Billy jumped in his skin as the lightning flashed again, illuminating ground-level sculptures of books, hearts and hands, for less than a second. Metallic vases of long-dead flowers cast shadow-fingers against tombstones under the electrical burst.
Claire swished her torch from headstone to mossy headstone, pulling her hood tighter round her oval face against the lashing rain. Escaping strands of mousey brown hair stuck to her cheeks like spidery legs, as she strode through the dark in her black, rubber wellies. She crunched along the gravel path, catching glimpses of names and dates as she went.
“I know it’s here somewhere, I found it at the weekend.” She twisted to look behind her. “I’m sure it was just past that weird tree.” As she spoke, the wind whipped the last remaining orange leaves from the gnarly tree, through Claire's torch beam and into Billy's face.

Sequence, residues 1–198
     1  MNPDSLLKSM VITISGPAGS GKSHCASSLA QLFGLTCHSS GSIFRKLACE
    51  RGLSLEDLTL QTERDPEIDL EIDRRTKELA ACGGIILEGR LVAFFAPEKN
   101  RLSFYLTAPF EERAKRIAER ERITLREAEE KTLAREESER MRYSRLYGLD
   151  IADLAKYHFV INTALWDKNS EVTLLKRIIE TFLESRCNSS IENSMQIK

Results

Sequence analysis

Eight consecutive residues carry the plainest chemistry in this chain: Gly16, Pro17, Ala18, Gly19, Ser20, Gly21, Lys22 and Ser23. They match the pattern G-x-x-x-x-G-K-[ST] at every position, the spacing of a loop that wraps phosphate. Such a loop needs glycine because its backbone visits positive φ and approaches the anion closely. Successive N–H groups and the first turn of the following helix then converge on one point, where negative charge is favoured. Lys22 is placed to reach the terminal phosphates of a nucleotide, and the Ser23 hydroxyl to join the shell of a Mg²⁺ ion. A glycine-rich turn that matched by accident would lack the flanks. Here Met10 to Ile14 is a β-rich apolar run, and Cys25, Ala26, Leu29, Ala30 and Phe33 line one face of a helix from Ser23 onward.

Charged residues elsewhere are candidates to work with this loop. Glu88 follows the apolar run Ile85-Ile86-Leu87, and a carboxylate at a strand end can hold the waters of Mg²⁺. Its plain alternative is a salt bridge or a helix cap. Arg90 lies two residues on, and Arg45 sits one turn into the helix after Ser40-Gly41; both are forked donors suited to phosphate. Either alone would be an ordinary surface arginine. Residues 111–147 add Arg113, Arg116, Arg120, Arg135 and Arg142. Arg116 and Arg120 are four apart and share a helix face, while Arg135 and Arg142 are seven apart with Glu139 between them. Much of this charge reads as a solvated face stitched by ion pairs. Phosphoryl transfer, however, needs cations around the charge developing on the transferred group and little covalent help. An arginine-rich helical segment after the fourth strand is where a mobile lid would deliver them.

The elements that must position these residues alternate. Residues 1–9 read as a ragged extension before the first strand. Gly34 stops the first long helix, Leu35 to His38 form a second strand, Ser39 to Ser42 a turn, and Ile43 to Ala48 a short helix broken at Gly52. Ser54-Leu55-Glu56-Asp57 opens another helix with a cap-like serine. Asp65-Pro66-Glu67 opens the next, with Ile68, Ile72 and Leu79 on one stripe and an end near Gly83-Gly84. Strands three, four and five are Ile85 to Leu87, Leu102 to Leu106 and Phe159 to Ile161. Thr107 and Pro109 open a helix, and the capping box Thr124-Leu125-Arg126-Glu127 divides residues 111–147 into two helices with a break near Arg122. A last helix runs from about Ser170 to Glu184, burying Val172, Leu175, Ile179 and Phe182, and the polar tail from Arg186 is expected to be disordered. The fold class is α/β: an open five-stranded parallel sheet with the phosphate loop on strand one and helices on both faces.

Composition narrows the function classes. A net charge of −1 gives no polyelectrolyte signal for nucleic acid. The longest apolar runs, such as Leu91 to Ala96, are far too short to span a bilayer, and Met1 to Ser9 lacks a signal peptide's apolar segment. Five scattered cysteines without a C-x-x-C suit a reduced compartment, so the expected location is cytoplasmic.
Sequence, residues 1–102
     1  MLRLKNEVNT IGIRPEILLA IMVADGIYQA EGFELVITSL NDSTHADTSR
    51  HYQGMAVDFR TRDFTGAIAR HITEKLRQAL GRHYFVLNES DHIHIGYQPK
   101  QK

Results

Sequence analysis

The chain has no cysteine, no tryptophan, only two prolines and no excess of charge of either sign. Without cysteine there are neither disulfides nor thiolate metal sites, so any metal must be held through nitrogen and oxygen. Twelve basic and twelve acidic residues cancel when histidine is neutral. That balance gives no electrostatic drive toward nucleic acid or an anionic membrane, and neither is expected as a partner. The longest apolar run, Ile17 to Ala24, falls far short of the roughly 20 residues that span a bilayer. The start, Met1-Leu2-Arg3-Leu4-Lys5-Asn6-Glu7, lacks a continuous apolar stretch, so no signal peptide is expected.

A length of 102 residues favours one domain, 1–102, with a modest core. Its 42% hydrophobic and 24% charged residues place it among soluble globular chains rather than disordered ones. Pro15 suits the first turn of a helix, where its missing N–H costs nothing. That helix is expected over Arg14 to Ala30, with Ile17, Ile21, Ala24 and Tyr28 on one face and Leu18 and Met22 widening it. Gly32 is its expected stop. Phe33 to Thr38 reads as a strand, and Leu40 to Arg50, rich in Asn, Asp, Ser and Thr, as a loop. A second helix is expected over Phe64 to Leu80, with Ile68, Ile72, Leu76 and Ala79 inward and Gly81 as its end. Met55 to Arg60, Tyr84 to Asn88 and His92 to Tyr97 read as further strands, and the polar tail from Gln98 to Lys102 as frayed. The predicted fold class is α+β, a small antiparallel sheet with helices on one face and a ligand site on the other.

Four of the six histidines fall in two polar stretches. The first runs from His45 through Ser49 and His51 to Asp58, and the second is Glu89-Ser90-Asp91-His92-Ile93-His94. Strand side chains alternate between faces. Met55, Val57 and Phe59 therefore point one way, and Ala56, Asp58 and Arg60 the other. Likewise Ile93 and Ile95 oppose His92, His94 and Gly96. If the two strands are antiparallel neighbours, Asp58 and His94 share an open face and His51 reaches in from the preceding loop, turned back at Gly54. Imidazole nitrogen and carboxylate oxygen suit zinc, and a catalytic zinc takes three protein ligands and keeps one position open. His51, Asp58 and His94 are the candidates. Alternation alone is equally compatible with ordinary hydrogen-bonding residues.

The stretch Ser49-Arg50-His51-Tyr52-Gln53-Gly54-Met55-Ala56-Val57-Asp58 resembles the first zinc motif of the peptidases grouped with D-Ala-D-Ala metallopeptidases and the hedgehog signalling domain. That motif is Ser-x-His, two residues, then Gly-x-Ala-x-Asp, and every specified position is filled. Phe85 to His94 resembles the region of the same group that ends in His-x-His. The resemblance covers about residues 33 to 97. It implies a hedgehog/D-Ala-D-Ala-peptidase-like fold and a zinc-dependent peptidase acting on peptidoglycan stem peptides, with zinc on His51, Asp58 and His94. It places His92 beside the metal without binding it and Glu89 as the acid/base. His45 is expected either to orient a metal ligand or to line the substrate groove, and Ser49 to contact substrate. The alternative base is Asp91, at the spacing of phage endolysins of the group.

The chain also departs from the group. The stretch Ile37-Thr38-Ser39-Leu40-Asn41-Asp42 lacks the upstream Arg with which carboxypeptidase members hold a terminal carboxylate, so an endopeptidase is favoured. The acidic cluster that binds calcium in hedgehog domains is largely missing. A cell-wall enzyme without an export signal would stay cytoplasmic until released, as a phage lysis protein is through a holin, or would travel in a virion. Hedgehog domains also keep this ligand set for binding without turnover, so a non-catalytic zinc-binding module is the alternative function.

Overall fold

“I don’t like this at all.” Billy batted at his numbing cheeks and lifted his shoulders to his ears. “It’s wet and cold and too dark to see properly. Let’s come back in the daylight. That tree IS weird.”
“I really like that tree. Branches like contorted arms. Mwah hahahaha.” Jack raised his hands and stiffened his dripping fingers. He bared his teeth, leaning over the shorter boy like a mock vampire. “Not . . . scared are you?” He shone his torch in Billy’s eyes.
“Don’t be ridiculous.” Billy took a cautious step back, off the gravel, out of Jack’s reach. But the grass was slippery, and he slid into a gravestone as he lost his balance. He startled and took a deep breath in, placing one, shaking hand over his racing heart.